Representatives from market analytics specialist Argus Media shared an optimistic outlook for EV battery recyclers in the coming years during a recent presentation on the sector.
Zach Schumacher, deputy editor for scrap markets, and Andrew Saucer, market reporter for minor metals and EVs, pointed out that raw material costs for EV batteries have gone down since October 2022. Cathodes in EV batteries are either lithium or nickel and cobalt compounds.
Costs for lithium carbonate and lithium hydroxide have dropped significantly, the analysts said, with some fluctuation between April and July. Falling lithium costs were attributed to a steady supply from Australia, which continues to be the world’s largest producer of spodumene, the unrefined material used to synthesize lithium carbonate and lithium hydroxide.
An article from McKinsey in June this year identifies that ‘Australia has limited capability and capacity to refine spodumene into the lithium hydroxide needed for lithium-based batteries’.
Ramping up activities
The same article suggests that the major market for lithium batteries presents an opportunity for Australia to grow its lithium production infrastructure, meaning that lithium supply is likely to at least remain steady, if not grow in the coming years.
Meanwhile, Argus says prices for nickel and cobalt sulphates have fallen in the last year, though not nearly as dramatically as lithium.
‘In many ways, the ramp up in EV production is coinciding, at least momentarily, with a period where prices have abated quite a bit,’ says Schumacher. ‘This is due in large part to, at least for nickel and cobalt markets, that they are very diverse.
They are affected by aerospace, stainless steel (in the case of nickel), production processes, supply, and demand dynamics. Lithium, although quite reliant on the EV market, is also seeing that real easing in prices.’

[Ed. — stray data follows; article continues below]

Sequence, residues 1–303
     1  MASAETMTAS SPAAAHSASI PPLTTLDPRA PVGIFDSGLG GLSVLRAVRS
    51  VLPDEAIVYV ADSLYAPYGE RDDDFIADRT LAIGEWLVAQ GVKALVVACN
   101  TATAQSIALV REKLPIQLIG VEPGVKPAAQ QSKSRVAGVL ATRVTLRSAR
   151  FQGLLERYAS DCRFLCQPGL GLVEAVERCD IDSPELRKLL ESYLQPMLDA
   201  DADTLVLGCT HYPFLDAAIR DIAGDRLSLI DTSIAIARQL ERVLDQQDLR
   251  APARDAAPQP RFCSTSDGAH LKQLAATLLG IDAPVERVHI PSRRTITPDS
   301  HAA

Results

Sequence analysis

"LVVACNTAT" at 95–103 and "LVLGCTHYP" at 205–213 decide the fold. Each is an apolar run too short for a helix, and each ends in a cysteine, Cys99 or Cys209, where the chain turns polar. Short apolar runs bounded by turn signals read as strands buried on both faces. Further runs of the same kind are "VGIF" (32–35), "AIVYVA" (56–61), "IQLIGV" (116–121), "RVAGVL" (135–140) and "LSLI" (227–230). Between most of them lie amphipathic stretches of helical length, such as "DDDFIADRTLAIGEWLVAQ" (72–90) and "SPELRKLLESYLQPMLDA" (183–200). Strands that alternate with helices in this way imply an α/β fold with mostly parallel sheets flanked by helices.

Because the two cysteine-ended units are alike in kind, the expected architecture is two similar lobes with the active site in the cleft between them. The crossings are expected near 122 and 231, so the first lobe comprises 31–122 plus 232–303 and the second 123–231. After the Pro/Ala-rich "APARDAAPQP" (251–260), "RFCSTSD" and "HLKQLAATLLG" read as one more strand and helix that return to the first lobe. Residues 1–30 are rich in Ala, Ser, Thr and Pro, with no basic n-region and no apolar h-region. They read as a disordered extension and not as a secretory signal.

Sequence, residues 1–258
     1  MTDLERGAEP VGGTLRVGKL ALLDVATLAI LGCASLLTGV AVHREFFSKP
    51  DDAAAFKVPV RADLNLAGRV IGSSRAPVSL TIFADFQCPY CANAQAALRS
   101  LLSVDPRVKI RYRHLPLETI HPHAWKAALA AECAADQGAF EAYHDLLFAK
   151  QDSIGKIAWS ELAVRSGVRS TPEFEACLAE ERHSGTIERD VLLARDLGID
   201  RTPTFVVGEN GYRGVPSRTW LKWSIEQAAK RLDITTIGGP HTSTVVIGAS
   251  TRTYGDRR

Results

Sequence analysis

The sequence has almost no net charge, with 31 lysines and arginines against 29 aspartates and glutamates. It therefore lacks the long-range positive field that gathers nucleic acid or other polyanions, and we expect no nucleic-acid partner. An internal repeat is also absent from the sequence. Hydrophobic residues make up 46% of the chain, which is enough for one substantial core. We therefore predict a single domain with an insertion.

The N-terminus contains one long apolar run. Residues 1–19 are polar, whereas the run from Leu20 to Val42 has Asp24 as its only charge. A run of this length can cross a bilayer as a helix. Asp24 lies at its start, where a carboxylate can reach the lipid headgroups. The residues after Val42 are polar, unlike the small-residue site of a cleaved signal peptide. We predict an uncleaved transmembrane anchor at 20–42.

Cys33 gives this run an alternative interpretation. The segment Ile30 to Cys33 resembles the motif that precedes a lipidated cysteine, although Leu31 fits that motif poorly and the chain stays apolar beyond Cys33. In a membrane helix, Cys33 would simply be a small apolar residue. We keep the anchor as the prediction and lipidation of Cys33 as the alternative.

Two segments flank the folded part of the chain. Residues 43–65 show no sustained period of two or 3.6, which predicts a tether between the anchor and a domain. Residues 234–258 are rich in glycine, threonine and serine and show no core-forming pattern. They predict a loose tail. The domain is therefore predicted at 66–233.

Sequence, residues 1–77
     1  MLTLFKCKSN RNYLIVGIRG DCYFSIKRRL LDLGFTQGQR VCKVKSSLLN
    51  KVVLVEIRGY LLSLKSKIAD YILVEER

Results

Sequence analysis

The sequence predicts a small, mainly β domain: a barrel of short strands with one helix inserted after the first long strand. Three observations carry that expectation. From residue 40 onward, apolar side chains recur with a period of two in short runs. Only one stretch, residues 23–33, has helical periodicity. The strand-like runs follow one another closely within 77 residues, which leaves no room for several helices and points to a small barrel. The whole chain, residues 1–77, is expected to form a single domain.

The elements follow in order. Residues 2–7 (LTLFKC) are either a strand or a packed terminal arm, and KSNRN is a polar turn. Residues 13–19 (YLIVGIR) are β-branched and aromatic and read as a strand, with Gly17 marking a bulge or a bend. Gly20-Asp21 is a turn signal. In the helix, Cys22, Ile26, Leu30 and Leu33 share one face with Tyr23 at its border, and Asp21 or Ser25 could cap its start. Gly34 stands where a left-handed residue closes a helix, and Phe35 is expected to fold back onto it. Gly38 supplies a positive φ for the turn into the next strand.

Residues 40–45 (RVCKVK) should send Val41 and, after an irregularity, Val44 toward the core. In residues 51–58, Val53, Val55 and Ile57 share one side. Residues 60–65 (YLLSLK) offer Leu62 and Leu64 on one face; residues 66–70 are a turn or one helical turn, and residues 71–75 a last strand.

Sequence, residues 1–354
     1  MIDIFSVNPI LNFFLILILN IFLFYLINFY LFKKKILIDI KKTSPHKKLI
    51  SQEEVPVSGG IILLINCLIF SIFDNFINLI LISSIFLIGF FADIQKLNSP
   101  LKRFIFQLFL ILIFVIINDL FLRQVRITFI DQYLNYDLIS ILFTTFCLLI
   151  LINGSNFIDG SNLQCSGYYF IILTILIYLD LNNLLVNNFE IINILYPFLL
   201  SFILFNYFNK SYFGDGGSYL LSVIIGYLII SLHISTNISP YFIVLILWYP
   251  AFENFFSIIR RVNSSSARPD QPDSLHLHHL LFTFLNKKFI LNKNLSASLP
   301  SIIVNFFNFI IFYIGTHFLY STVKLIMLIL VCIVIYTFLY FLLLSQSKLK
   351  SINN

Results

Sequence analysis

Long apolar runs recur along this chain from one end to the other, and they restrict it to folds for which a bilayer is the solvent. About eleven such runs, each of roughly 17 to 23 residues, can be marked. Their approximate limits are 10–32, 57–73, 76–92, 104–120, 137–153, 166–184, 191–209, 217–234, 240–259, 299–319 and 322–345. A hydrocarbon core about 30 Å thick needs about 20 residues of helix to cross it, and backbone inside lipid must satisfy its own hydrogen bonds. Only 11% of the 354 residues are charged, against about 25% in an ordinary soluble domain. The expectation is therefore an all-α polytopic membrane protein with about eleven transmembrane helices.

From the perspective of demand for raw materials, Argus says there have been concerns over the Chinese EV battery market, though China has the highest global demand for lithium compounds. Compared to the US, China has a well-established battery production market, suggesting its demand for lithium is likely to remain steady.
Meanwhile, Schumacher and Saucer say North American battery production capacity is projected to grow at a constant rate of 65% till Q4 2027, which may push raw materials prices upwards.
They expect this growth in battery production capacity to be complemented by US manufacturers reaching a production capacity of nearly four million EVs per year by Q4 2028. Argus also projects global EV sales to exceed 40 million by 2030.
Value to recyclers
While the overall costs associated with EV batteries, such as anode materials and labour costs, have gone down, cathodes have increased in value over the last decade. Data from the International Energy Agency shows that cathodes account for increasingly higher percentages of the overall battery production cost, having recently reached around 33%. This is due to the cathode’s nickel and cobalt content.
Even though their price has gone down this year, the metals have an intrinsically high market value that makes them especially desirable for recyclers who can generate profits by reintroducing nickel and cobalt to the circular economy. By contrast, lithium batteries without nickel or cobalt are cheaper to produce and less valuable to recyclers.
One way in which this value disparity manifests, according to Argus, is that recyclers are willing to pay for nickel and cobalt-based feedstock, whereas they charge to process lithium-based batteries to offset the recycling costs.
Currently, the US EV battery market favours nickel and cobalt compounds with aluminium (NCA) and manganese (NCM), though Schumacher and Saucer say lithium batteries have gathered more traction in the US market over the last few years.
While nickel- and cobalt-based batteries have a shorter life span than lithium-iron, averaging 13 and 16 years respectively, NCA and NCM batteries have a longer range per charge than lithium batteries.
Battery life is also an important consideration for recyclers who are now receiving vehicles from 2013-15 in their feedstock. With the growing popularity of EVs, they should expect a significant influx of EV batteries in the next seven years. Increased production capacity for batteries and EVs will further contribute to a stable battery recycling market through 2030, says Argus.
Saucer also touched upon battery reuse in the US, explaining that used batteries retain 80% of their overall capacity but, because drivers prefer to maintain their vehicle’s maximum range, they are unlikely to want reused batteries. Manufacturers are also unwilling to ship products with reused batteries due to potential liabilities.
Consequently, Saucer said, the most viable secondary application for used batteries is golf carts or drones. Because recyclers want to recover nickel and cobalt, reuse applications are generally limited to lithium-based batteries.
The slides from Schumacher and Saucer’s presentation are available here >>